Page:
Fusion CI worked in concert with DMG, which did all the camera animations and renderings. DMG provided Stasiuk and his group with the geometry for all the forms that the water had to assume—a brain, a water bottle, a bridge, and a bunch of bananas—which was done in Maxon’s Cinema 4D. The Fusion CI team then used Autodesk’s Maya to massage that geometry as the underlying shapes for the fluids.
Fusion CI output the DMG animated shapes as OBJ files, then imported the information into Maya, simplifying the data and using the modeling tools in Maya to adjust the geometry so the simulations would run more efficiently. Next, the team output those results to the RealFlow format.
The last step, and the most crucial one, involved applying the proprietary tools to drive the simulations within RealFlow. “Over the years we have amassed a big library of all these tools that do all kinds of different fluid-effects phenomena. So when someone comes to us, we can usually think back and adapt something we have done before,” explains Stasiuk. Because of this, Fusion CI can spend less time on R&D for a project than it would starting from scratch. For the Whole water commercial, the team spent about six weeks developing the technology, and then another two weeks to run the sims and finish the job.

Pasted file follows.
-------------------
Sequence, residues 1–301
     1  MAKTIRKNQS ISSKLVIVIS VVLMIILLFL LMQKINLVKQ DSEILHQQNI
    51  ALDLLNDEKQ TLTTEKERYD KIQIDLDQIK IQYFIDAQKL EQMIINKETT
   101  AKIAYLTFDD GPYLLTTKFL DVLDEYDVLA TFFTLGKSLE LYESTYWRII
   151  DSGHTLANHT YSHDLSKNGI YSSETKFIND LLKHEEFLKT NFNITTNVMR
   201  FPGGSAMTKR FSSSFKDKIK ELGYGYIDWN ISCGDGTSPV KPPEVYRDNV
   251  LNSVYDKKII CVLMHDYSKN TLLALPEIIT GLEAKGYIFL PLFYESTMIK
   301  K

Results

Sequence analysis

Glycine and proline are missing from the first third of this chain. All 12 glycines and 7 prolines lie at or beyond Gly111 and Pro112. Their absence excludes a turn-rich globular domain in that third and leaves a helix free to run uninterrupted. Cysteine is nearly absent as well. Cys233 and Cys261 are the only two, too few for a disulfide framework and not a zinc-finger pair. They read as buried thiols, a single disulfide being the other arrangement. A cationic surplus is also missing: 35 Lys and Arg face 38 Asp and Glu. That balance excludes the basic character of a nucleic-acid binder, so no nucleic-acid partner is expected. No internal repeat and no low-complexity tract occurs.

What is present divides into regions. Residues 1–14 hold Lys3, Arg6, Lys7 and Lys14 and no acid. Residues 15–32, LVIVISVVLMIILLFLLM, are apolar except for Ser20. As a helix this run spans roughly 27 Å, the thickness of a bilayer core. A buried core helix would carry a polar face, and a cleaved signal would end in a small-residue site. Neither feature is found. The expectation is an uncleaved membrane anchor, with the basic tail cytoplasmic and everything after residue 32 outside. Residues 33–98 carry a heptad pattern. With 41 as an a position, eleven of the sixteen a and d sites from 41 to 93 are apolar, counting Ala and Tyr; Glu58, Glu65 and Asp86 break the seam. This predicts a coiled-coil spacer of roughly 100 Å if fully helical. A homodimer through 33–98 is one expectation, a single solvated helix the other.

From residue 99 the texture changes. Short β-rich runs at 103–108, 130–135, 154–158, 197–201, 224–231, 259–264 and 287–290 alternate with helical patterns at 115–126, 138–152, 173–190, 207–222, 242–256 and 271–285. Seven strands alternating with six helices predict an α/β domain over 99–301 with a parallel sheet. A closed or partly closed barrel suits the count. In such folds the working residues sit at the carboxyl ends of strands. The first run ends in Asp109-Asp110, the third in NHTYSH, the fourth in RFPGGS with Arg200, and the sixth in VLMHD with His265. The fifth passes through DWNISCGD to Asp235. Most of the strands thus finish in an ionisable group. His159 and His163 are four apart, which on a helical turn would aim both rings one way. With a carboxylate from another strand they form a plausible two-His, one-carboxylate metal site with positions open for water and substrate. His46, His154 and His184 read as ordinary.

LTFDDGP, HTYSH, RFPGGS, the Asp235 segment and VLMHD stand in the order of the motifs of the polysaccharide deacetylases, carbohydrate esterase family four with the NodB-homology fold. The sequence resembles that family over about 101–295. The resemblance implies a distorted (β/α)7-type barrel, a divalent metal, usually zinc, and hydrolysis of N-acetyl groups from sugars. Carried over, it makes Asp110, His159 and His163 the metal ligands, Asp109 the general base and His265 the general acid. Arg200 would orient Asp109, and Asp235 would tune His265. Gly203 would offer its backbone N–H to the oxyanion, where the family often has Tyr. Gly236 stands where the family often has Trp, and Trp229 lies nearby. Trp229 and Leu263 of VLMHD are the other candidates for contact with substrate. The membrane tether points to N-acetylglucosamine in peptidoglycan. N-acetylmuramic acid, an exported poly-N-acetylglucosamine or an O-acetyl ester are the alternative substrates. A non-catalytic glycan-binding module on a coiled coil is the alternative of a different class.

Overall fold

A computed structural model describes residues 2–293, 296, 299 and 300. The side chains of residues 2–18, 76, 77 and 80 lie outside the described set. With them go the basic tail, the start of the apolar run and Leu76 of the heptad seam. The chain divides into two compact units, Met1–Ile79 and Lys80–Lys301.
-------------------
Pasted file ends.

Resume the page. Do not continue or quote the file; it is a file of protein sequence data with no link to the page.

In the application, the water had to look and behave like real water, but at the same time, it had to form sharply defined shapes with a lot of detail. And, the water had to hold the shapes so the viewer could identify the form. “For example, the water had to form this very detailed brain shape, but at the same time, we had to maintain the illusion that it was water forming this thing. If you get all the particles to glom onto the shape and stick and stay, it looks like an ice sculpture. It starts to look like geometry.”
Using the earlier version of the tool, that’s exactly what happened: The plug-in formed the shapes very clearly, Stasiuk says, but the substance didn’t look like water anymore. It looked like an ice sculpture. The trick, he says, was to get the water to slosh around a bit while it formed the shapes, and then keep rippling, moving, and dripping. To this end, it had to have constant bits of water that dripped off. That extra water was generated with the rest of the water but would be allowed to drop off the shapes.
“Having the water form a shape but still behave like water is sort of paradoxical,” says Stasiuk.